Another event was on Three Kings Day Eve, where you could also enjoy celebration in San Juan with its Mayor, where they had live music, food, activities and gifts for the kids. I was one of those lucky kids every year.

leaving grass and water for the camels - Three Kings day

As a kid, I was so excited to pick up grass with my mother and grandma to leave for the camels. I also used to leave them water. It was part of the innocence and the magic of being a child! In most homes in my island, Puerto Rico, even under the Christmas Tree you will always find carvings of the three kings on camels. It is a tradition that is alive nowadays even-though usually kids get the bigger gifts during Christmas day and a more simpler or meaningful gift during The Three Kings Day.

– Olga Maria


Do you celebrate Three Kings Day? Tell us about your experience by commenting below!

11 thoughts on “How three different cultures share a tradition called Three Kings Day”

    1. Dreams in Heels
      Dreams in Heels

      Glad that you like reading about it. I am sure that you guys have other traditions that we do not celebrate. I love learning about different cultures 🙂 I will be in UK this year for the first time.

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    Amber Lea Easton

    Very interesting. I’d honestly never heard of this holiday before your post. You know it’s a good day when you learn something new. Thanks for that! Love the photos, too.

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    This is so cool – I had never heard of this holiday before reading this. I love learning about new cultures and traditions. The pictures are great too!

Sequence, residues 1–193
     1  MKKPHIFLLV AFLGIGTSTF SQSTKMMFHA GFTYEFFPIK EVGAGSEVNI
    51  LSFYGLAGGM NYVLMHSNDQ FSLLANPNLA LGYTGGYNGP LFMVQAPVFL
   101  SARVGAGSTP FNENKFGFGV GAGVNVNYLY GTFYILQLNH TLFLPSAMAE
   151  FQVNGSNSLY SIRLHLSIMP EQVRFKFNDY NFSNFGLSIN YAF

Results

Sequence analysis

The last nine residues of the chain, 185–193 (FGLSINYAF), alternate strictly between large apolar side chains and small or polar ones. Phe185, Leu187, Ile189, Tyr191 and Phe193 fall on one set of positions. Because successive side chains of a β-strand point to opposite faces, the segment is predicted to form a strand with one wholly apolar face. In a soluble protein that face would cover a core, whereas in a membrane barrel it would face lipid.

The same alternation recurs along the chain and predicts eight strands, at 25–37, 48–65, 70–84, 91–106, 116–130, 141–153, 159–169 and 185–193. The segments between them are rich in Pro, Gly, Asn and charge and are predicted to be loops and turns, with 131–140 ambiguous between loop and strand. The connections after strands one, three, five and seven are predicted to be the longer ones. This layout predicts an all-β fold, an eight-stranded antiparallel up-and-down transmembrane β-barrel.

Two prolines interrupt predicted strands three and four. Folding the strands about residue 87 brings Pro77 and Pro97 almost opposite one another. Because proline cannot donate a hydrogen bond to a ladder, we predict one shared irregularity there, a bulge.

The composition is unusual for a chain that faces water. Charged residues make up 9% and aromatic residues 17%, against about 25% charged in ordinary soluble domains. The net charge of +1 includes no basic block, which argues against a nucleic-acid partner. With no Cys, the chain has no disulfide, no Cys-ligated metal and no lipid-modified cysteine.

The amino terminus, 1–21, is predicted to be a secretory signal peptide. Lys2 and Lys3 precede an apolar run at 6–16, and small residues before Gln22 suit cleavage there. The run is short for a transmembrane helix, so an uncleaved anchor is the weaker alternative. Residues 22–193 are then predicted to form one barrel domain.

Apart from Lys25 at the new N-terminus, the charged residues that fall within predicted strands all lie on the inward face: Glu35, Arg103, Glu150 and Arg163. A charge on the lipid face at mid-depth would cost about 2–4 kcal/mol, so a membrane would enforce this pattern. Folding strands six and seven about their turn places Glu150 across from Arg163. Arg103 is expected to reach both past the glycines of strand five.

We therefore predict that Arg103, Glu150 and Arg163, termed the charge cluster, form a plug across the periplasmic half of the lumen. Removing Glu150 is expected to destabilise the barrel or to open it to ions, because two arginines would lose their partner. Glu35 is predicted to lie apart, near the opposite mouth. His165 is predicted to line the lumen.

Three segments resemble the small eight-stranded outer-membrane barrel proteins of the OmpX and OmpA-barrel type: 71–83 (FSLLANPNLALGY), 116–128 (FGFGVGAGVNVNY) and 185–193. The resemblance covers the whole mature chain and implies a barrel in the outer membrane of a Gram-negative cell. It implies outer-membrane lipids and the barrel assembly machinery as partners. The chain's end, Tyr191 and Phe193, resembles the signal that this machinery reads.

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    Interesting to read about how different countries celebrate this occasion! Growing up in an Austrian household, it signalled the end of the Christmas season for us as well. 🙂

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    Lydia Yanis de Simoneau

    Hi, “Feliz Dia de los Reyes” (Happy Three King’s Day)! My late Grandfather, Senor Pedro Badillo, use to dress up as King Casper, the Black King. Along with the other two kings, he would go around to the households in Aguadilla, Puerto Rico, and put straw under the children’s beds for the camels. I am so glad my mom, Senora Olga Yanis de Badillo, told me this story since I was a little girl! :>

    Also, I had a primo hermano, (a cousin who was close like a brother), the late, Mr. Stanley Yanis, who was a Screaming Eagle in the 81st Airborne Division of the United States Military, who died in New York City on “Dia de los Reyes”. I went with our family from Massachusetts to see him in the hospital. Our family in New York told us he waited to see us, and hung in there until he did. Thank you for this blessed opportunity to pass on these life memories of mine. Lydia Yanis de Simoneau

    1. Dreams in Heels
      Dreams in Heels

      Awww amazing stories Lydia. I am glad that you were able to tell me these stories. I love to hear from my readers. Best wishes always.

      Be blessed.


      Olga Maria